Prime Minister Justin Trudeau's plan for a pan-Canadian climate strategy got a major boost Monday when governments in Nova Scotia and Manitoba announced their intention to adopt carbon pricing in their provinces.
However, less than three weeks before a first ministers' climate summit, Saskatchewan Premier Brad Wall threatened Monday not to sign any deal unless Ottawa withdraws its carbon-pricing plan.
The Liberal government has come under fire since the U.S. election from critics who argue Canada should not proceed with carbon pricing because U.S. president-elect Donald Trump has pledged to reverse direction on climate policy south of the border. Conservative opposition critics say the divergence would cause competitiveness issues for Canadian business.
But Ottawa is proceeding with its long-planned strategy, including an announcement Monday to phase out the use of traditional coal-fired power plants by 2030, with some exceptions for provinces that can demonstrate equivalent emissions reductions while keeping a coal facility open.
"Tackling climate change is both a challenge and a huge opportunity," Environment Minister Catherine McKenna said Monday in announcing the coal plan. "This opportunity will attract the investments required to build a clean energy economy that will position Canada for great success in generations to come."
Saskatchewan's Premier Wall has slammed the federal government for proceeding with its carbon-pricing plan despite a Trump presidency, and on Monday, he condemned its proposed coal regulations.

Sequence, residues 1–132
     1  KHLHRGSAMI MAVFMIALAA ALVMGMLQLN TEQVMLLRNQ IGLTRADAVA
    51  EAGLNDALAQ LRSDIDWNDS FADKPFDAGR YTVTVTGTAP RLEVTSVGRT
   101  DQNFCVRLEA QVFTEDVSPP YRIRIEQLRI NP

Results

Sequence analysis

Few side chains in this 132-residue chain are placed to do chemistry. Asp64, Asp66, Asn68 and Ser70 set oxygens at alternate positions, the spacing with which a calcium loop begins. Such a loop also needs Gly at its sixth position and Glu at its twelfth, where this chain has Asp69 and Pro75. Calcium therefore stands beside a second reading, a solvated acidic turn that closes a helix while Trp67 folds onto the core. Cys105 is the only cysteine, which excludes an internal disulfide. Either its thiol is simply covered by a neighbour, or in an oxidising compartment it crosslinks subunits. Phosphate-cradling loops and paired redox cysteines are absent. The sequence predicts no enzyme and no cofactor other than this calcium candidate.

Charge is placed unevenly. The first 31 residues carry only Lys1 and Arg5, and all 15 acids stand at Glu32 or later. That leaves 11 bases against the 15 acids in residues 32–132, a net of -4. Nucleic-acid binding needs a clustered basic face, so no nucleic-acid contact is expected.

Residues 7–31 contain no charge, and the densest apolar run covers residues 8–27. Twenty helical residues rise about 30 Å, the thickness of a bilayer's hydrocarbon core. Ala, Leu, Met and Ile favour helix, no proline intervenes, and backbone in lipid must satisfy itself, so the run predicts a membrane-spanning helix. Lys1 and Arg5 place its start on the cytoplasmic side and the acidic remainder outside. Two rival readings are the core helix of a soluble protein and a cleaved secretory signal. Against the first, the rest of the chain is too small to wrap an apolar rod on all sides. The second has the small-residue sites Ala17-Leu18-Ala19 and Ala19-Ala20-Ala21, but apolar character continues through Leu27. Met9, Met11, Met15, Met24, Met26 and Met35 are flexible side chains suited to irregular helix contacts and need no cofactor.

"These actions have severely undermined the December meeting and have exposed the Prime Minister's disingenuous commitment to federal-provincial collaboration," he said in a statement. "We will continue to strongly oppose any attempt to impose a federal carbon tax on Saskatchewan and will not support any agreement at the December [first ministers'] meeting unless the proposed federal carbon tax is withdrawn."
However, Mr. Wall now appears to be the lone opposition voice.
Last month, provincial environment ministers stormed out of a federal-provincial-territorial meeting in protest over Mr. Trudeau's unilateral announcement on carbon pricing. Only Saskatchewan is now refusing to adopt its own plan.
The federal plan would require provinces to impose a $10 per tonne tax in 2018, rising to $50 by 2022, or adopt a cap-and-trade plan that meets or exceeds Ottawa's 2030 targets.
British Columbia, Alberta, Ontario and Quebec – four provinces that represent 80 per cent of Canada's GHG emissions – all have implemented or announced either a carbon tax or a cap-and-trade plan. Two other provinces, New Brunswick and Newfoundland and Labrador, say they are working on carbon-price plans of their own.
Nova Scotia had previously warned that it would not accept a proposal to close all coal-fired generating stations by 2030, nor would it accept a carbon pricing plan that would drive up fuel costs for motorists. But on Monday, Premier Stephen McNeil announced agreements with Ottawa on both measures.
On carbon pricing, Mr. McNeil said his province will adopt a cap on emissions in the various sectors – electricity, auto, heating – but that the government will initially provide some free allowances to meet the caps and avoid a price spike. In an interview, the premier said Nova Scotia has already cut emissions by 30 per cent so is being recognized for past action to meet Ottawa's national emission targets.
"There will be no price shock to Nova Scotians as a result of our internal cap and trade system," the premier said.
On coal-fired electricity, the Nova Scotia and the federal government agreed to reach an "equivalency agreement" that will allow the province to keep some plants open well past 2030, but will achieve emission reduction levels consistent with a full phase-out.
In a Speech from the Throne on Monday, the government of Manitoba Progressive Conservative Premier Brian Pallister said it would introduce a "made-in-Manitoba carbon pricing and climate plan" – though it is not clear whether the Manitoba effort will meet Mr. Trudeau's minimum price threshold.